The news media and video have been trumpeting anti-vitamin research findings from a study in the New England Journal, dated April 14, 2004. The lead article:1 reported a large-scale research on the effect of vitamin E and beta-carotene on cancer. The conclusions were very direct: "we found no overall reduction in the incidence of lung cancer or in mortality due to this disease among male smokers who received dietary supplementation...The results of this study raise the possibility that these substances may have harmful as well as beneficial effects."

The media took this research as a retraction of the wellspring of positive news about nutrition and health of the past few years. They are mistaken, for in fact this study actually proves only that a one-a-day vitamin-antioxidant supplement does not cure lung cancer. That is not very surprising. What is surprising is that our National Cancer Institute, which supported this study in Finland, would ever dream that the inadequate antioxidant supplements used in this study, lacking in vitamin C, zinc, selenium and cysteine and dozens of other essential nutrients, would work at all.

The strategy of the study was to divide the 30,000 men into four groups of 7500, who where then given identical-looking pills containing either a placebo, carotene, vitamin E, or both vitamin E and carotene. The study was touted as the most carefully designed study of supplemental antioxidants against cancer to date. Don't get me wrong. I am glad the study was done, for it helps to bracket in the limits of what to expect from antioxidants. But the media interpretation comes across somewhat like the sports pages: cancer wins, vitamins lose. Go back to conventional medicine and take your chemotherapy, surgery and radiation, as if that is all there is to it.

It is hard to maintain one's faith in nutrients in the face of such negative reports. But actually this research only applies to specific conditions: i.e. long-term smokers in Finland, all men, average age 57 years. The question answered is whether beta-carotene along with a small supplement of vitamin E for 6 years can correct the cancerous lung damage caused by an average 36 years of smoking a pack a day in this population. The answer is No.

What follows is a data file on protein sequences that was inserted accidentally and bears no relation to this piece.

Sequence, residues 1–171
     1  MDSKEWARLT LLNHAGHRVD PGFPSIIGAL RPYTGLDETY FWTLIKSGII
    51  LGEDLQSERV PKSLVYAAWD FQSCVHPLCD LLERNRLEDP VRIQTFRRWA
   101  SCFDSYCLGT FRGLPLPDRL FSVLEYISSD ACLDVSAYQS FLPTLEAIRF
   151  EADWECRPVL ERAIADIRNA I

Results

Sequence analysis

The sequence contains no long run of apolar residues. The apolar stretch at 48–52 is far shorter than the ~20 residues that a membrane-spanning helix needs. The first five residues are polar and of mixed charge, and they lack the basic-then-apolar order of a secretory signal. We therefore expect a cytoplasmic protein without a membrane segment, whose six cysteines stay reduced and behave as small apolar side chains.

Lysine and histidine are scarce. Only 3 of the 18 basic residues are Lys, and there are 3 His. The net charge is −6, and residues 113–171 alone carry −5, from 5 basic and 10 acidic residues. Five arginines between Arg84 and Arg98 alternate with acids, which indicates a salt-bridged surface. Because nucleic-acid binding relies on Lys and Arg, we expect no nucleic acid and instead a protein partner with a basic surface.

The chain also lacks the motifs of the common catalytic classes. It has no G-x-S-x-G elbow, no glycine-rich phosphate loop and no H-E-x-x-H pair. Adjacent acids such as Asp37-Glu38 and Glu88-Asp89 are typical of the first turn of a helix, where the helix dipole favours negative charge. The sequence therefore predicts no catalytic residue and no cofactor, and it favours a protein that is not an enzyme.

The study does not answer other important questions: would higher doses of vitamin E have more impact? Two recent American studies showed no benefits of vitamin E against heart attacks unless taken at a dose over 100 mg per day. In this cancer study, the vitamin E was supplied at a dose of only 50 mg per day and raised blood levels by only a third. Studies with successful outcomes have used larger doses that doubled vitamin E blood levels.

Carotene is known to be cancer-preventive but not curative. There are over a dozen research studies that document the cancer-preventive role of carotene and at the level of cell biology there is good evidence that carotene is the premier and essential antioxidant in tissues subject to low oxygen tension, i.e. in organs with poor circulation and metabolic deficits.

Carotene is not a cancer-causing agent; however it does interact with vitamin E, and recent research indicates that carotene supplements actually deplete vitamin E. This could interfere with the protective effect of vitamin E—unless the vitamin E was provided at a large dose. This was very likely why, in this study, an almost 20 percent increase in lung cancer was observed in the sub-group on carotene alone. There was also an increase in heart attacks and an 8 percent increase in all deaths in the men who were given carotene. In the sub-group given 50 iu of vitamin E there was a reduction in prostate cancer but not over-all mortality.